After the teens and adult hang out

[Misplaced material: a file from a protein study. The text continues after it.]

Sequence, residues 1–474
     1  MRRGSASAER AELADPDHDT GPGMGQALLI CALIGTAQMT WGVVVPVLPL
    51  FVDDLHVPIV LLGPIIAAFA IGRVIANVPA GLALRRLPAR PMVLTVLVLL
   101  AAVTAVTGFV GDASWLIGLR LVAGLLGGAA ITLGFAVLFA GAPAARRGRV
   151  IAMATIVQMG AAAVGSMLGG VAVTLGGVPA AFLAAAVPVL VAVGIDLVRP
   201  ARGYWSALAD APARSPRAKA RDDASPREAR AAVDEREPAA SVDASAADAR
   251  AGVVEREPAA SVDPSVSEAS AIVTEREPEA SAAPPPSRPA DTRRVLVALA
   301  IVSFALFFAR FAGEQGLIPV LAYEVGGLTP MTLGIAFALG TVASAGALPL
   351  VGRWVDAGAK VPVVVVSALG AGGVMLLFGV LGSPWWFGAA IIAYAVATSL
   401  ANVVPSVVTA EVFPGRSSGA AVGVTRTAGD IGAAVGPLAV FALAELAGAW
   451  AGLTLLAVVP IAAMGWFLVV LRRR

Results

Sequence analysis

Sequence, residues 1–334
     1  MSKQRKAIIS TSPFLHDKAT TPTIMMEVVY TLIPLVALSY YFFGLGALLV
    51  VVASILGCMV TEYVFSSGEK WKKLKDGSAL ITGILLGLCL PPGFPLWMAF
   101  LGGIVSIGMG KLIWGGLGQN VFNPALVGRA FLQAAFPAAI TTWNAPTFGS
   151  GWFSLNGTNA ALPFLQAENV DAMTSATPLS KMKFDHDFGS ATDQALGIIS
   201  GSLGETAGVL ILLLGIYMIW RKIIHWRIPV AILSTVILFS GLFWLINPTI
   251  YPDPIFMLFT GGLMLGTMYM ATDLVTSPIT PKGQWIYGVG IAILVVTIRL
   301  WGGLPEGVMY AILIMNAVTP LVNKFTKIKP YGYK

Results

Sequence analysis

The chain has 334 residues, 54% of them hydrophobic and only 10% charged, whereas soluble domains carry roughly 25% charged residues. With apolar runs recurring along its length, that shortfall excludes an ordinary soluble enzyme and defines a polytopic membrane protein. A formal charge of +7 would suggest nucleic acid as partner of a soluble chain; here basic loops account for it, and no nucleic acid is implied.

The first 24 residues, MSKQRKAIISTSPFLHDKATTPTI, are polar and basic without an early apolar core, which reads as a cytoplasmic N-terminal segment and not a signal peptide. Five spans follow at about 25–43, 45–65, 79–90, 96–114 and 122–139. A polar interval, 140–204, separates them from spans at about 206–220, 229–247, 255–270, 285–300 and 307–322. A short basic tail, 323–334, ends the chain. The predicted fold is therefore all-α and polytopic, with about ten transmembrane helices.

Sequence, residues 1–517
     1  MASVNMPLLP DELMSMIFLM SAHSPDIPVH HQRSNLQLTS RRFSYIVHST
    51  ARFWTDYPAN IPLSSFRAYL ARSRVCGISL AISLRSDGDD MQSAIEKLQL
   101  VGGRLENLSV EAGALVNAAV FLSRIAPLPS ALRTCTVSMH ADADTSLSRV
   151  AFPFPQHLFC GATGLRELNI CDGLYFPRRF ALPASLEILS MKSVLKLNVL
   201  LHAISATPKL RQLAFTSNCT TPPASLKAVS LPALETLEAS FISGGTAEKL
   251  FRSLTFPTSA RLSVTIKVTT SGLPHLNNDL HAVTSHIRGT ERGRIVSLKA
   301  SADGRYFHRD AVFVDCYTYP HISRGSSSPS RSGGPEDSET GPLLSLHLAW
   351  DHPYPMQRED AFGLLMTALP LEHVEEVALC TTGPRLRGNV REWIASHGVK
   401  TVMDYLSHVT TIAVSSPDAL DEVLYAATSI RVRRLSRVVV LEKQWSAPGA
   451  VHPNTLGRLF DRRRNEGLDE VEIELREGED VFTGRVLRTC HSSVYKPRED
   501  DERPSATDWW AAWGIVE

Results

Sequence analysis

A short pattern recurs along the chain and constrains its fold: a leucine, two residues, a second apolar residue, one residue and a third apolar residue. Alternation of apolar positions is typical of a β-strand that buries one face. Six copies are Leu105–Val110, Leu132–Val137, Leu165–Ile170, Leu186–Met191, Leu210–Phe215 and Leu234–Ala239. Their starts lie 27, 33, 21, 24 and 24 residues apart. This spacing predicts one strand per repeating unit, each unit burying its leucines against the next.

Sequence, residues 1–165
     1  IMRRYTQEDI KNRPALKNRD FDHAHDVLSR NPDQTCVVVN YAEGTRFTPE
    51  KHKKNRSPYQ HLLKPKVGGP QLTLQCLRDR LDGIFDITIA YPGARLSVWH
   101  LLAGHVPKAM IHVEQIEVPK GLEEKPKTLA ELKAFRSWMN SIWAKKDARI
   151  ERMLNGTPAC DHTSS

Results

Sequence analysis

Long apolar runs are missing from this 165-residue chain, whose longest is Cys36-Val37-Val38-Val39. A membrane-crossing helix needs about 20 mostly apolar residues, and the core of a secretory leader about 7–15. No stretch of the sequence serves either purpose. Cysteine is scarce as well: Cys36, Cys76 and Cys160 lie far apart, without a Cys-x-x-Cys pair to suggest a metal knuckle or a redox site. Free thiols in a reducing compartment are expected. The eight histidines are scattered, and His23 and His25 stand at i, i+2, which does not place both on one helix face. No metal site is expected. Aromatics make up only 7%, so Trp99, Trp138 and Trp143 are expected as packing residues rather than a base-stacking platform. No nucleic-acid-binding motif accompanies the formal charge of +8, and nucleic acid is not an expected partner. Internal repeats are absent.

Even with all of that criticism, I think we all got something important out of it. I know I did. I came away with a new sense of understanding that, the way I am, is not so unusual as I thought it was. I am slow at getting things done and accomplished. It takes longer for me to do things. I can’t help it. And that’s okay. Because I am not alone in that. It is a common thread among us. Another common thread is how quiet our voices are. Some of us even sound kind of similar. Many of us tend to write things down by pen and paper or by phone or tablet. Most people used their phones. Phones and tablets are so much nicer to use than the clunky communication devices because they are small and common in life. I tried using a communication tablet device when I went to college in the first half of the year. But I just couldn’t see myself lugging that heavy thing around, along with my art books and supplies, when I could just write it down faster (this was before I got my own phone, and even now, I go back and forth between phone tapping or writing on paper). Many of us have a similar way of walking and moving about. We have different arm lengths, shapes, and finger digit numbers. Some are not affected as much, while others are mild to greatly affected. Those of us who are mildly to greatly affected are always looking for the easiest, quickest ways of doing anything in life that many would find quick and easy. Many of us had food texture sensitivity. Most of us couldn’t handle hard or crunchy food. In fact, one thing I quite enjoyed about the conference was the type of food they offered. Most of it was soft food. There was some crunchy, but most of it was soft. I thought I was being overly sensitive and picky at home because there were just certain types of textures that I just do not feel comfortable eating even if they are soft. But after the conference, it felt, I guess, natural, or normal. Many of us struggled with how to make friends or how to deal with people who stare or gawk at the way we look. We realized… I realized, that we are more alike than we realize. But we are also our own unique selves. Since the conference ended, we have continued communicating with each other.